Things A Lady Would Like To Know 
The thought for today's menu from the above cookbook is:
Education is not that which smothers a woman with accomplishments, but that which tends to consolidate a firm and regular system of character—that which tends to form a friend, a companion, and a wife.'—HANNAH MORE.
Very true. Which is why I am am just literate enough to puzzle out a cookbook. Without that skill, I wouldn't be able to provide my husband with horrifyingly overcooked peas.
Duck Stewed with Green Peas
Prepare a duck as for roasting, but do not stuff it. Put a small piece of butter in a
stewpan, and nicely brown the duck, take it out, and brown a table-spoonful of flour in the remaining butter, and add to it half a pint of beef stock; let it boil, return the duck, put in also 1 quart of peas, with a bunch of sweet herbs, including a little mint and sage, cover close, and stew till done; remove the herbs, dish the duck, cover, and surround with the peas.
—Mix 1/4 lb. suet, finely chopped, with do. bread-crumbs in a basin, 1/4 lb. marmalade, and do. sugar; stir well together; beat 4 eggs to a froth, and gradually mix well with the ingredients; put in a mould or buttered basin; tie down with floured cloth, and boil for two hours. When turned out, strew fine sifted sugar over the top. This pudding will look very pretty if stoned raisins are tastefully arranged before the mixture is poured in.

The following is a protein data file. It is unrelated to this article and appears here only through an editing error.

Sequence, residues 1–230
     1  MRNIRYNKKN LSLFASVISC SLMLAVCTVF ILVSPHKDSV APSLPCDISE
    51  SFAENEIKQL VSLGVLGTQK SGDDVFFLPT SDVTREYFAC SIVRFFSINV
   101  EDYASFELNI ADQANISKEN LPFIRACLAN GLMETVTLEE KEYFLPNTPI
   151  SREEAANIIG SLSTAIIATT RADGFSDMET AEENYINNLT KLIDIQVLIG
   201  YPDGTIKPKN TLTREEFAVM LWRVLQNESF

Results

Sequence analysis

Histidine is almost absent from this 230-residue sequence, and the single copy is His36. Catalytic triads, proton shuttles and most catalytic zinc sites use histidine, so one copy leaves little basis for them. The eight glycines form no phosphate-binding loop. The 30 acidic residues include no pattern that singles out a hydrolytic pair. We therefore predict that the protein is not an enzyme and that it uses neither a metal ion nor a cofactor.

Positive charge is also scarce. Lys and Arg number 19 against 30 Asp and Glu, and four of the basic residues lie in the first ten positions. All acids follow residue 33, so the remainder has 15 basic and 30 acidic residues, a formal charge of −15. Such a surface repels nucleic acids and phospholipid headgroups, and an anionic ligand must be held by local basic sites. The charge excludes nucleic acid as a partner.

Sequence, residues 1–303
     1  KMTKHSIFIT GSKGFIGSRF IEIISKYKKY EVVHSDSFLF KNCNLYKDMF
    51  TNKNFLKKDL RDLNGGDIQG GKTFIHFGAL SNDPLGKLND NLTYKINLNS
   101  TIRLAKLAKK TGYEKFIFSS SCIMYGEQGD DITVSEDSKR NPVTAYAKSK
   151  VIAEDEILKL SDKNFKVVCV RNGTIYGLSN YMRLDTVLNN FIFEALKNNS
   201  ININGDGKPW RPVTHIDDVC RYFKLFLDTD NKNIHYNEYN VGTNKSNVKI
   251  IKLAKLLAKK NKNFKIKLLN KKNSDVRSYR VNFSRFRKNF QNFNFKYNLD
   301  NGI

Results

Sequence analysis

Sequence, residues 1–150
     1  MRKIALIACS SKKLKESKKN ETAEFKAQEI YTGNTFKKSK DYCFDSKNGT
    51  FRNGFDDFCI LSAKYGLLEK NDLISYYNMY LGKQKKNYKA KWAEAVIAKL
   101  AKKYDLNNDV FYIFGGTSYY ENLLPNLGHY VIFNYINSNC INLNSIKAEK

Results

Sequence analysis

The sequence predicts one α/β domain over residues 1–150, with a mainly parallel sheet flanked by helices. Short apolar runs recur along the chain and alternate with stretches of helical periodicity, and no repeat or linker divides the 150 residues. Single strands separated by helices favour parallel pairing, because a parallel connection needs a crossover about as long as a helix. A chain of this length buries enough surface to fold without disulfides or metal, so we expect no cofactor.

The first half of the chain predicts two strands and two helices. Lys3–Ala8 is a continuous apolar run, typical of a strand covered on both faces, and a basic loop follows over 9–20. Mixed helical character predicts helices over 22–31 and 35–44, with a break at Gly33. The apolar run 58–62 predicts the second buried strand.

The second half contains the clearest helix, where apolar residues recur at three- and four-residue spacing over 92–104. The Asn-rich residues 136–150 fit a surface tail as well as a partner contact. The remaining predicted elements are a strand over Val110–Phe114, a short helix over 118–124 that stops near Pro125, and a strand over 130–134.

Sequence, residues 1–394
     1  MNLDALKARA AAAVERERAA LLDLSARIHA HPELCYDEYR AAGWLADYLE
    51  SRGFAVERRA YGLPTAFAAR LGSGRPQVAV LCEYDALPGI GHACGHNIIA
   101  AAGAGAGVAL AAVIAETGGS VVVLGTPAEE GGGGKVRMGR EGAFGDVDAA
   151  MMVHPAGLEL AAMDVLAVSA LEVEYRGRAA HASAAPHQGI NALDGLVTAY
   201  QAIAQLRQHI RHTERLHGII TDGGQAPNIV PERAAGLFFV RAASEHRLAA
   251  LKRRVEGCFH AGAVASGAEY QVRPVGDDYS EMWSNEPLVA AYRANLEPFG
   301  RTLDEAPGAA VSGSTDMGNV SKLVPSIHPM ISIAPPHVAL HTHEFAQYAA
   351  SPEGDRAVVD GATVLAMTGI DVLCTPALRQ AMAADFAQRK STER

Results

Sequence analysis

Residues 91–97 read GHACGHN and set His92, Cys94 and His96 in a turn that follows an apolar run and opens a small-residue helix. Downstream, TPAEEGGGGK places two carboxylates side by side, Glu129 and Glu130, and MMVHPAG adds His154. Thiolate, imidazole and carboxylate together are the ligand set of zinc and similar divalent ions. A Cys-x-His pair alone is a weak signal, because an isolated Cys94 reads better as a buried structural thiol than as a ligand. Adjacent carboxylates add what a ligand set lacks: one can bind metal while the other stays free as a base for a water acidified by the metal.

Duck: It is the first time the mister or myself has had duck. I've been keeping my eye out for one for years, and finally a deeply discounted one turned up in my grocer's freezer. Browning it was a challenge, because it was slightly to big for the pot. After slopping raw duck juice on myself and my stove a few times, I got angry and broke its tail bone with a mallet. Which sprayed more raw duck juice. For all that, the taste was totally unexceptional and bland. The peas were a touch away from dissolving into baby food. Consequently, the baby adored them. The rest of us did not.
Marmalade Pudding: I cheated and got pre-shredded vegetable suet at a British import store. And it was lovely! Still very solid. And still a bit of "mouth-hug" (thanks to a British reader for that word), but nice. Better warm, as when it got cold the fat got all gritty. Having the quantities by weight is a great help, because most similar recipes call for things like "a pennysworth of bread." This is extremely unhelpful.